The Wander Inn is perfect for lunch if you are staying in Halls Gap - take the drive on Mt Victory Rd “over the mountain” and enjoy the spectacular scenery. Visit the picturesque waterfalls on the sunny side of the Grampians – Burrong Falls, Beehive Falls, Fish Falls or the iconic Mackenzie Falls – and “Wander Inn” for a refreshing milkshake.  

Currently on display at the Wander Inn is a collection of works by Australian wildlife artist Pam Thoday. Her beautiful pastels of native animals and plants are appreciated by locals and visitors alike. 

The Wander Inn also stock Tatlock’s Gourmet Produce. Grown in the Grampians, Tatlock’s provide the finest free range gourmet meats from lamb, pork, beef, goat and venison.

The fully licenced café and bar is open during winter for lunch and afternoon tea from Thursday to Sunday. The friendly and welcoming staff will make you feel right at home – if only home included a varied menu delivered to your table while you relaxed. With gourmet pizzas, burgers, curries and home-made pasta, seafood laksa and melt-in-the-mouth salt and pepper squid, risotto, salads, beer-battered fish and more on the menu, there is something for everyone. Vegetarian, vegan, dairy-free and gluten-free options are available. Open for dinner on Friday night, you have the choice to eat in or choose from our takeaway menu.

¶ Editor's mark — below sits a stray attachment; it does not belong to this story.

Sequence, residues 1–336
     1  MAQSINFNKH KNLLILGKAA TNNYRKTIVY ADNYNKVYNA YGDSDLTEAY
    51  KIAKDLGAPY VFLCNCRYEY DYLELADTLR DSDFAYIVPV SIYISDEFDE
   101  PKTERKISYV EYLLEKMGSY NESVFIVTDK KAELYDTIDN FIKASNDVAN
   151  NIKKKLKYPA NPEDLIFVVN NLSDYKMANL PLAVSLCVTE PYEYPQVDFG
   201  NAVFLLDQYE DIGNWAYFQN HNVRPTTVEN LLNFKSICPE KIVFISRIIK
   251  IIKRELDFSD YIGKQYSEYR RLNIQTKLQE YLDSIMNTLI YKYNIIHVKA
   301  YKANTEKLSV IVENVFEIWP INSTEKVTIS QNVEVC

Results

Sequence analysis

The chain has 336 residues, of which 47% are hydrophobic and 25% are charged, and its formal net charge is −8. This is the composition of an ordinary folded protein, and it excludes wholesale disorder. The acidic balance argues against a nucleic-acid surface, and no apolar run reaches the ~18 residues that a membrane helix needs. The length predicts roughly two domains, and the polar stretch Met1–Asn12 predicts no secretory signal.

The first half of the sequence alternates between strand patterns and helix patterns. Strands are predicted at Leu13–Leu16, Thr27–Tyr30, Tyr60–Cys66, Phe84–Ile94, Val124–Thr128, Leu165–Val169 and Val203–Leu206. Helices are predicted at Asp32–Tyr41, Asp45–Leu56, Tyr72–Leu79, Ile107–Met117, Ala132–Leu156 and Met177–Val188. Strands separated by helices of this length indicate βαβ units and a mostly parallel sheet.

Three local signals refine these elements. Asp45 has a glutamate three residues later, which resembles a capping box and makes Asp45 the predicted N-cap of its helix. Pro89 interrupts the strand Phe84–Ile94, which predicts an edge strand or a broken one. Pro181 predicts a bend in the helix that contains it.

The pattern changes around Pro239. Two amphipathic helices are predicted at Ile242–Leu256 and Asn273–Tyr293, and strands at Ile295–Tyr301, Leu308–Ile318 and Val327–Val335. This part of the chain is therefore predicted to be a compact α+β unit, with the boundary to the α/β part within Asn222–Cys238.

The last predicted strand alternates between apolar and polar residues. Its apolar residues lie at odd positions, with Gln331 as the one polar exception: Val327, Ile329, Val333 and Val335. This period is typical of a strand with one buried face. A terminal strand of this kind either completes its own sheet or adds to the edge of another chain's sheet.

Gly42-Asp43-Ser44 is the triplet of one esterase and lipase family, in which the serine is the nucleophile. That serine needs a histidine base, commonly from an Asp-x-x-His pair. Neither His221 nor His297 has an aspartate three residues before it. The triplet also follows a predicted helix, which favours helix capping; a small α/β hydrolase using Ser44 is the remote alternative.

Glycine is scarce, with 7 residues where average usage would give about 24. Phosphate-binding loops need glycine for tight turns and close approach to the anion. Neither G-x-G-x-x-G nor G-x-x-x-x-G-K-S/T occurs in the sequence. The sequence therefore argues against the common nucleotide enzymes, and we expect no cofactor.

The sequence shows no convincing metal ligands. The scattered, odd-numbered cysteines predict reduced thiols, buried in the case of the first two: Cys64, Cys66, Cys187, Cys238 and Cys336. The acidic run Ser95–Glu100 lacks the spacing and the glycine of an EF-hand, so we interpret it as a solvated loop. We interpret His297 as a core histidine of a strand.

WHAT: The Wander Inn

WHERE: 2637 Northern Grampians Rd, Wartook 3401

WHEN: Winter trading hours – bookings advisable

                   Thursday 10am-5pm

                   Friday 11am-9pm

                   Saturday & Sunday 11am-5pm

                   Closed Monday, Tuesday & Wednesday

CONTACT: (03) 5383 6388

The Backyard Tourist

The Backyard Tourist by Amelia Crafter

The Backyard Tourist by Amelia Crafter

It seems like only a few weeks ago the air conditioners were pumping and we were sipping cold beers on the deck looking at the beautiful Grampians. At the time, I contemplated a bush walk but the thought of speedy snakes and my little kids complaining they were hot quickly put the idea out of my mind. 

All of a sudden, the days are cool, but not too cold. The fire is going at night and I have swapped the beer for a local shiraz. Now is the perfect time to set out and find a bushwalk that suits you, or even your little ones. It’s not too hot, not too cold and it’s perfect coming home to a warm house and slow cooker meal after a day in the mountains.